68a But he denied, saying, "I don’t know nor understand what you are saying." 70 But he denied before all, saying, "I don’t know what you are saying." 57 But he denied, saying, "I don’t know him, Woman."17c He says, "I am not." l8 But the servants and the attendants were standing around, having made a charcoal fire because it was cold; and they were warming themselves. But Peter too was with them, standing and warming himself. [18:19-24 describes the interrogation of Jesus by Annas.]
    (2d Denial) 68b And he went outside into the forecourt [and a cock crowed].(2d Denial) 71 But after his having gone out into the entranceway,58a (2d Denial) And after a short time(2d Denial) 25a But Simon Peter was standing there and warming himself.
    69 And the servant woman, having seen him, began again to say to the bystanders that "This is one of them." 71b another woman saw him and says to those there, "This one was with Jesus the Nazorean."58b another man, having seen him, said, "You too are one of them." 25b So they said to him, "Are you too one of his disciples?"
    70a But again he was denying it. 72 But again he denied with an oath that "I don’t know the man."58c But Peter said, "Man, I am not."25c And he denied and said, "I am not."
    (3d Denial) 70b And after a little, the bystanders again were saying to Peter, "Truly you are one of them, for indeed you are a Galilean." (3d Denial) 73 But after a little, those present, having come up, said to Peter, "Truly you too, you are one of them, for indeed your speech makes you obvious." (3d Denial) 59 And after about one hour had passed, a certain man was insisting, saying, "In truth this one too was with him, for indeed he is a Galilean."(3d Denial) 26 One [masc.] of the servants of the high priest, being a relative of him whose ear Peter had cut off, says, "Didn’t I see you in the garden with him?"
    71 But he began to curse and swear that "I don’t know this man of whom you speak."74a Then he began to curse and swear that "I don’t know the man."60a But Peter said, "Man, I don’t know what you are saying."27a And so Peter denied again,
    72 And immediately a second time a cock crowed; and Peter remembered the word as Jesus had spoken it to him, that "Before a cock crows twice, three times you will deny me." And having rushed out, he was weeping. 74b And immediately a cock crowed; 75 and Peter remembered the word spoken by Jesus that "Before a cock crows, three times you will deny me." And having gone outside, he wept bitterly.60b And at that moment while he was still speaking, a cock crowed. 61 And the Lord, having turned, looked at Peter; and Peter remembered the saying of the Lord as he had spoken it to him, that "Before a cock crows today, you will deny me three times." 62 And having gone outside, he wept bitterly.27b and immediately a cock crowed.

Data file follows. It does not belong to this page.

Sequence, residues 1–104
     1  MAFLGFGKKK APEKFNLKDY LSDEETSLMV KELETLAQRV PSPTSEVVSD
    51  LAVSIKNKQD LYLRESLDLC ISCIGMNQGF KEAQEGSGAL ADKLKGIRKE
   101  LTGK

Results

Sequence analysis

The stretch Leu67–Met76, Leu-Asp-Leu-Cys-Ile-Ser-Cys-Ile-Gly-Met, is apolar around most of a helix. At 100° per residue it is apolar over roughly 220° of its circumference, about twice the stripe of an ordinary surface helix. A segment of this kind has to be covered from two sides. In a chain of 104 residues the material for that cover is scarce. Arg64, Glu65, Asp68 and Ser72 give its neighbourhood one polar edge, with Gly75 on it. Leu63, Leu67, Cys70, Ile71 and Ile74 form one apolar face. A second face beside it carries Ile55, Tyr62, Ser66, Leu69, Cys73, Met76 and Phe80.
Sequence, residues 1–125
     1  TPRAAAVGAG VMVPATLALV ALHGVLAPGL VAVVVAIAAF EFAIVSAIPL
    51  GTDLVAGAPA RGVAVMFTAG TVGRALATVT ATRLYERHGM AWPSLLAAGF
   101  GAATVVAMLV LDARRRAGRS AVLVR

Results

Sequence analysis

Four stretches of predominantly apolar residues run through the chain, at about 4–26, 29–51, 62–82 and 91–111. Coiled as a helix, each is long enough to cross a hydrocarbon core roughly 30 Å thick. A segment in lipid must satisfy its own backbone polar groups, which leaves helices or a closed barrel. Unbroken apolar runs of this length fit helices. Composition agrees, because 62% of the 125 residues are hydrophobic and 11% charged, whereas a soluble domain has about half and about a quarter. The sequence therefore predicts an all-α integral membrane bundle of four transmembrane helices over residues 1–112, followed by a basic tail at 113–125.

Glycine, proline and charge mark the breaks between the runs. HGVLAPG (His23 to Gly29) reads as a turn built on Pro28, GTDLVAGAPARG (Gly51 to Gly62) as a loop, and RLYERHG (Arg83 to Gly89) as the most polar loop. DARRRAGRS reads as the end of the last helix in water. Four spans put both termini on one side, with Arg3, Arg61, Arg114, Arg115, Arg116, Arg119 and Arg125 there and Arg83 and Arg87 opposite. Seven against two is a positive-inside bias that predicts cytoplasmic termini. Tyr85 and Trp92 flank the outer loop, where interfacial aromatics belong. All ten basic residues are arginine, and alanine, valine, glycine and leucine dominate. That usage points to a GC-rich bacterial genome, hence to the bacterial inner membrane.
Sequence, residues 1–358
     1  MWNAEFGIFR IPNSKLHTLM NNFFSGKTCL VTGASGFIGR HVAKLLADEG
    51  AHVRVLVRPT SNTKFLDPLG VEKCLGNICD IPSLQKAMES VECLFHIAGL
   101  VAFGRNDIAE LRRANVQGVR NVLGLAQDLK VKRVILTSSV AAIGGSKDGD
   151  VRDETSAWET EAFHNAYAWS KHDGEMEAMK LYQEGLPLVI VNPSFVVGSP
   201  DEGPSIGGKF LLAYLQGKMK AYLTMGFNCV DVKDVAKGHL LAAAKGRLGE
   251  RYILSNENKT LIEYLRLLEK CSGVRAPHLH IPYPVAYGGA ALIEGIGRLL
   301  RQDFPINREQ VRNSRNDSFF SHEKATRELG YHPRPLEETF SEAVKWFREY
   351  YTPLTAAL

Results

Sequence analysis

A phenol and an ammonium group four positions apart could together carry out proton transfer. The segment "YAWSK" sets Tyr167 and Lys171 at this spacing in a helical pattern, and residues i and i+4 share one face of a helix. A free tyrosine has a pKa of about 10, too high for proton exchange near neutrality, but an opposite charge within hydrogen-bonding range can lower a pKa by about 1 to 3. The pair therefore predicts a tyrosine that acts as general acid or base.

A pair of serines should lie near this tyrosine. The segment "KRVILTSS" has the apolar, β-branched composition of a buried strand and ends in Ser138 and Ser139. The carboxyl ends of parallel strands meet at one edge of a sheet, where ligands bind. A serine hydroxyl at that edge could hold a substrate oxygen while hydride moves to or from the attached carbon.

2. Comment

    There is a striking contrast in the episode of Peter's denial: on the one hand, it is one of the scenes where the four evangelists agree most, but on the other hand, at the level of detail, enormous differences appear. In order to follow our analysis, it is worthwhile to have the following table in front of us.

    GeneralMark 14Matthew 26Luke 22John 18
    1. TimeIn the night when J. (= Jesus) has been seized at Gethsemane on the Mt of Olives and led away to the h.p. (= high priest)In the night when J. has been seized at Gethsemane on the Mt of Olives and led away to Caiaphas, the h.p.In the night when J. has been taken on the Mt of Olives and led to the house of the h.p.In the night when J. has been taken in a garden across the Kidron and led to Annas, father-in-law to Caiaphas, h.p. that year
    2. Sequence of scenesAfter Sanhedrin trial when J. was interrogated by the h.p. and abused by Sanhedrin membersAfter Sanhedrin trial when J. was interrogated by the h.p. (Caiaphas) and abused by Sanhedrin membersBefore J. was mocked by the men holding him, and before (as day began) J. was led to a Sanhedrin inquiry to be interrogated by its membersFirst Denial: Before J. was interrogated by the h.p. (Annas) and slapped by guard
    Second and Third Denials: After above; when J. was sent bound to Caiaphas
    First DenialMk 14: 54.66-68aMt 26: 58.69-70Lc 22: 54b-57Jn 18: 15-18
    3. PlacePeter followed J. from a distance until inside aulē of the h.p., below where J. wasPeter was following J. from a distance until inside aulē of the h.p., outside where J. wasPeter was following at a distance. Was in the middle of the aulē of the h.p. where J. also wasSimon Peter and another disciple were following J. Disciple entered into the aulē of the h.p. with J.; Peter left standing at the gate outside
    4. Peter’s positionSeated together with attendants, warming himself near the blazing flame (phōs)Seated with attendants to see the endSeated in the midst of arresting party near blazing flame (phōs) of fire (pyr) that they had kindledBrought in by other disciple, Peter stood with servants and attendants warming himself at a charcoal fire (anthrakia) made by them
    5. QuestionerOne (mia) of the servant women of the h.p.One (mia) servant womenA certain (tis) servant womenTile servant woman who was the gatekeeper